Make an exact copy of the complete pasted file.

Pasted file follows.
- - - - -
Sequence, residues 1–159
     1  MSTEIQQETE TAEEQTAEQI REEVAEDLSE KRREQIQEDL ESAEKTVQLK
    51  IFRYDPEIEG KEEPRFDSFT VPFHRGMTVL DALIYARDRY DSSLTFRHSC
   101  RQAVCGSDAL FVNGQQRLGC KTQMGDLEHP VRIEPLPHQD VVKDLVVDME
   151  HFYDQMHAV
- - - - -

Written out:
Sequence, residues 1–159
     1  MSTEIQQETE TAEEQTAEQI REEVAEDLSE KRREQIQEDL ESAEKTVQLK
    51  IFRYDPEIEG KEEPRFDSFT VPFHRGMTVL DALIYARDRY DSSLTFRHSC
   101  RQAVCGSDAL FVNGQQRLGC KTQMGDLEHP VRIEPLPHQD VVKDLVVDME
   151  HFYDQMHAV